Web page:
I AM fed up of getting nuisance phone calls (and texts) from marketing companies.
They try to sell me everything from double glazing, to pensions, insurance, insulation and new fascia boards (if I knew what they were, I would still not want them).
The Government needs to call time on nuisance calls and texts by introducing legislation to hold company bosses to account for the actions of their business.
I also want the Government to make Caller Line Identification (CLI) mandatory for all marketing calls - so you can tell who is ringing you.
Being bombarded with nuisance calls and texts is a huge issue for many people, particularly vulnerable old people for whom the phone is a lifeline.
Which? found that eight out of ten people said cold calls were an annoying interruption to their daily lives, whilst one third say they have felt intimidated by them! More than half said that they had been discouraged from picking up their landline phone when it rings because of cold calls.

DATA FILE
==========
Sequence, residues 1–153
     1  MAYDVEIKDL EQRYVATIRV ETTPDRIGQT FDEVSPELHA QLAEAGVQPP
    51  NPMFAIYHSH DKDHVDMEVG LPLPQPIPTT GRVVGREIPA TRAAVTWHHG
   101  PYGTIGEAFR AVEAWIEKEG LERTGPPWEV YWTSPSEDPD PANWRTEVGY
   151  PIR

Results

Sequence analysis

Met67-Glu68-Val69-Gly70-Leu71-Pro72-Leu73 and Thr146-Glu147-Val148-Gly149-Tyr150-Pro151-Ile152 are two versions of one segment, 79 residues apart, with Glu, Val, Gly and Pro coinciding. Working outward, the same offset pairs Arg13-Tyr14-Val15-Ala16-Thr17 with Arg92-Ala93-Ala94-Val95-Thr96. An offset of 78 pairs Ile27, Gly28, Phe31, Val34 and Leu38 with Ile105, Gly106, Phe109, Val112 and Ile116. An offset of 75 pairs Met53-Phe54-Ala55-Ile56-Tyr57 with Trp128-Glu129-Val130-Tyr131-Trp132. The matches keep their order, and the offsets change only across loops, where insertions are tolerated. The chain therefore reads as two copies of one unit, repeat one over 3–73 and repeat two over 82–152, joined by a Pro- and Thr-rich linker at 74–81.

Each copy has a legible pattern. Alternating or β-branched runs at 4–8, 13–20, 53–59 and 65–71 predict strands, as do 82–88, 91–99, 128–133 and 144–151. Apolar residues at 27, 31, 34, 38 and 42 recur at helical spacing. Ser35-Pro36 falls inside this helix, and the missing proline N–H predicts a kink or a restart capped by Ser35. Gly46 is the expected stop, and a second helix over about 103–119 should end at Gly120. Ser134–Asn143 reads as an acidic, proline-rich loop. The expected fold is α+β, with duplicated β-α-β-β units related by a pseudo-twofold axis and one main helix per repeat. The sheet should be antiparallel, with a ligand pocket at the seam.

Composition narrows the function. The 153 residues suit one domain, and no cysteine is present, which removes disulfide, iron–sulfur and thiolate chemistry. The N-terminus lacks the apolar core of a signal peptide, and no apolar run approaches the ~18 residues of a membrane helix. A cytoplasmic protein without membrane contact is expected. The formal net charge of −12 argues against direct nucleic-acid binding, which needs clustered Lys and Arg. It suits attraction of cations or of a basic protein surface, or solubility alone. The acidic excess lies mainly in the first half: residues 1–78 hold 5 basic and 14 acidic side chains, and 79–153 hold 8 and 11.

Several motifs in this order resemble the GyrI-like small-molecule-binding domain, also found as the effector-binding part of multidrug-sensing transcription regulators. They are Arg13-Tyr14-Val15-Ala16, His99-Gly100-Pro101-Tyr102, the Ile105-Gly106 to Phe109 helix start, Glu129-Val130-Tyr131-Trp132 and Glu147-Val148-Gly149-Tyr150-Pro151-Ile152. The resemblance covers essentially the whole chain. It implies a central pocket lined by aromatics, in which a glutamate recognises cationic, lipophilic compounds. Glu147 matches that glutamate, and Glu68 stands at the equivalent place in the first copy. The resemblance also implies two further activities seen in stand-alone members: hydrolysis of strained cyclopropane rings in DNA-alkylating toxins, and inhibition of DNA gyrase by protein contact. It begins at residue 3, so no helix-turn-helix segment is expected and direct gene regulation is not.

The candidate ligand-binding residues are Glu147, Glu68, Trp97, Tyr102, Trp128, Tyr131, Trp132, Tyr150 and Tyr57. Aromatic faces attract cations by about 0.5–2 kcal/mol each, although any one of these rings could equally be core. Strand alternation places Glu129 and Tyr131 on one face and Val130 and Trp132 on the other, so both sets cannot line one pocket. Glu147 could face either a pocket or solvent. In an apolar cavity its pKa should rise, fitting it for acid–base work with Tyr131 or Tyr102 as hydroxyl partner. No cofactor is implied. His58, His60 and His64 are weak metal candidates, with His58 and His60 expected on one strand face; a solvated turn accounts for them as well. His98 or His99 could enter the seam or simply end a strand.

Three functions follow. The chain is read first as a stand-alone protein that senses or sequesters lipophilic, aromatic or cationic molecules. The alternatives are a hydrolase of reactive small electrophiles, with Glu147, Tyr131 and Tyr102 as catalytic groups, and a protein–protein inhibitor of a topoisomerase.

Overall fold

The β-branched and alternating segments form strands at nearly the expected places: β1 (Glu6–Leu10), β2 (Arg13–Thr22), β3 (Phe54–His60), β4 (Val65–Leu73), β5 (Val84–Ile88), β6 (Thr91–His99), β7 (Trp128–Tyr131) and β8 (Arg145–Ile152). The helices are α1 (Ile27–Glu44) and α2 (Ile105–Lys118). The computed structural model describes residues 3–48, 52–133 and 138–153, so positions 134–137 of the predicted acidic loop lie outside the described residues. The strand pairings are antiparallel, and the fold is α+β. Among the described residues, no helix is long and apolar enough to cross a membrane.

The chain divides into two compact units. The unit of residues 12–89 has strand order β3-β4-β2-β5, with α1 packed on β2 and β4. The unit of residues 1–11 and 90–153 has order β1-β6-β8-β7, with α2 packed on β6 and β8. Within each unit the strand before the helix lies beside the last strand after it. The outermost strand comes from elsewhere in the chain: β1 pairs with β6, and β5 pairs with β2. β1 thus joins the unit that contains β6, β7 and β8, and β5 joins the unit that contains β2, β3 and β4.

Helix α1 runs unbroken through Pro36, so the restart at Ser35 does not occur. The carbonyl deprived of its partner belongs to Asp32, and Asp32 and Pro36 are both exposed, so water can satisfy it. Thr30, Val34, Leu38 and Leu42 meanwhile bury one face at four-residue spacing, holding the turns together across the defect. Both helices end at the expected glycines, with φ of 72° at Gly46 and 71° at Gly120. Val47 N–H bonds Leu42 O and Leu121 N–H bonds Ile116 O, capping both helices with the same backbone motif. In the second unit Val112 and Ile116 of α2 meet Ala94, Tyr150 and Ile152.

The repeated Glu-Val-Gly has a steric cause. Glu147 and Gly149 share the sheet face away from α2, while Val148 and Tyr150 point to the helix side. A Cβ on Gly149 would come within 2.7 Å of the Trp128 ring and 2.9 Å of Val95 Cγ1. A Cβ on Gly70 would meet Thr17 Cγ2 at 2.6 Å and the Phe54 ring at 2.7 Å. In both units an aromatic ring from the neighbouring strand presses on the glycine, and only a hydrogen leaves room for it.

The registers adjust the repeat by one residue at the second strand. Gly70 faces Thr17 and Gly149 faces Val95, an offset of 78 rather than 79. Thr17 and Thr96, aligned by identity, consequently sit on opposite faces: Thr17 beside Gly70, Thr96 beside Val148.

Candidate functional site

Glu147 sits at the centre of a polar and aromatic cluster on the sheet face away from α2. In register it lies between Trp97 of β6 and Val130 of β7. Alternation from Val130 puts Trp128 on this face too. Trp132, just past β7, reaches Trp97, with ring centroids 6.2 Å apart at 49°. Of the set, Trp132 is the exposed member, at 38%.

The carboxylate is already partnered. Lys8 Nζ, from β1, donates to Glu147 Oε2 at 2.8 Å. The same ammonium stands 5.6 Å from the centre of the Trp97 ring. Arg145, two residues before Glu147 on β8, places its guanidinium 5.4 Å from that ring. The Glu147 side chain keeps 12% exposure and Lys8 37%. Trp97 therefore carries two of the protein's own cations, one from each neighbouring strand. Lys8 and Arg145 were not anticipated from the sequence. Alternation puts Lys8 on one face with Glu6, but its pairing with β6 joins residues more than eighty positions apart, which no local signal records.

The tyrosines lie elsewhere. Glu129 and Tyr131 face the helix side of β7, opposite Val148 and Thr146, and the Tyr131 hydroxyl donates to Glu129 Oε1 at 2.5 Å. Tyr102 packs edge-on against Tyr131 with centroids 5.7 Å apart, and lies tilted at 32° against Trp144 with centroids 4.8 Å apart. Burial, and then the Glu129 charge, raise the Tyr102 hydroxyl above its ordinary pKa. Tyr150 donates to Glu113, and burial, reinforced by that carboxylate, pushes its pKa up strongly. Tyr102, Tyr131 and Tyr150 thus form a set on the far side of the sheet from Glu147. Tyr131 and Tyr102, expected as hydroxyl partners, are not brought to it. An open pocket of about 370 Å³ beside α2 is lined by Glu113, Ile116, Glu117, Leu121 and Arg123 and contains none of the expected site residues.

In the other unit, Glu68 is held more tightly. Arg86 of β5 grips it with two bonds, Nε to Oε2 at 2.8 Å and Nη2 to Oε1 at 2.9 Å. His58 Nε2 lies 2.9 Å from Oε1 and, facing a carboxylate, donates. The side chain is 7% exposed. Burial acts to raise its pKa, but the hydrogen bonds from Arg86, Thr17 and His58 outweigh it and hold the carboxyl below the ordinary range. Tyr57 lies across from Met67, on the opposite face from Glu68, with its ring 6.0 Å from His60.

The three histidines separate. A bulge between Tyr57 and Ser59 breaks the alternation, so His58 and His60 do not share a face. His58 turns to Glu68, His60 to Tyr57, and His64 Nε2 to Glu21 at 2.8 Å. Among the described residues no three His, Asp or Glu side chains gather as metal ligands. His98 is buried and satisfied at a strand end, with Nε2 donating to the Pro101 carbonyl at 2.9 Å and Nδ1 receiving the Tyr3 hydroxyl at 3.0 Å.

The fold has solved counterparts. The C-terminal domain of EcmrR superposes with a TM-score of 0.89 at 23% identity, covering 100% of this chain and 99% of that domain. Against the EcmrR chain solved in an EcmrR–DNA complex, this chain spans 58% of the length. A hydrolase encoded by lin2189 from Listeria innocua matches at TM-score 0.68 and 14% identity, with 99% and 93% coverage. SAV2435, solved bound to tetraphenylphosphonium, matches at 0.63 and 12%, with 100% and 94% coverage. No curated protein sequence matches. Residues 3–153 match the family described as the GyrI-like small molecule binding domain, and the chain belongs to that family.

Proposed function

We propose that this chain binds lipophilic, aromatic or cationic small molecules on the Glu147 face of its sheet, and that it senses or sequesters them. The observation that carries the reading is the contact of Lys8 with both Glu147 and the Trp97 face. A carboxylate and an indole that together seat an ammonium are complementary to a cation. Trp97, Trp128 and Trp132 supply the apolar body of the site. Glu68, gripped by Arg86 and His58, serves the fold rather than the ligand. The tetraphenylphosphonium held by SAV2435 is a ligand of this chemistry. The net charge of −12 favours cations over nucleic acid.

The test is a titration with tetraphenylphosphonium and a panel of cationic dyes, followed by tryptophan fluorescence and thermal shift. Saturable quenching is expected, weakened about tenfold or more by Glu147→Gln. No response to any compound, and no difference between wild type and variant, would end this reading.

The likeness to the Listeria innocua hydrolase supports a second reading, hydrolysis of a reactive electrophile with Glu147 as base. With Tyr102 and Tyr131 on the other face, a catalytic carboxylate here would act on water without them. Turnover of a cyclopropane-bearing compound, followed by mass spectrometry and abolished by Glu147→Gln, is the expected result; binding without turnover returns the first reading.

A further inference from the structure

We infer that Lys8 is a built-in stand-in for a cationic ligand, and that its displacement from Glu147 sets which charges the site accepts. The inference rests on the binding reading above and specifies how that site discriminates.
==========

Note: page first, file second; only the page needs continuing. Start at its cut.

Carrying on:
Introducing legislation to make senior executives more responsible for the actions of their company would make it more difficult for individuals to keep setting up rogue companies under a new name.
Which? also wants the Government to introduce mandatory Caller Line Identification (CLI) for all marketing calls. CLI is a key piece of information which we need to report an unwanted caller or to contact the company and ask to be removed from their database.
People need better control of their personal data so they can make a decision about whether they want to be contacted.
Consumers are often targeted with nuisance calls because at some point they ‘ticked the box’ giving consent to companies not only to contact them by phone but also to pass on their personal data to third parties.
The Government must tighten the rules around how our data is collected, used and traded.
The right balance should be struck between enabling decent businesses to carry out direct marketing when consumers have given their consent for their personal data to be used, and preventing the abuse of their privacy by unscrupulous businesses.
Then we might all get a bit of peace.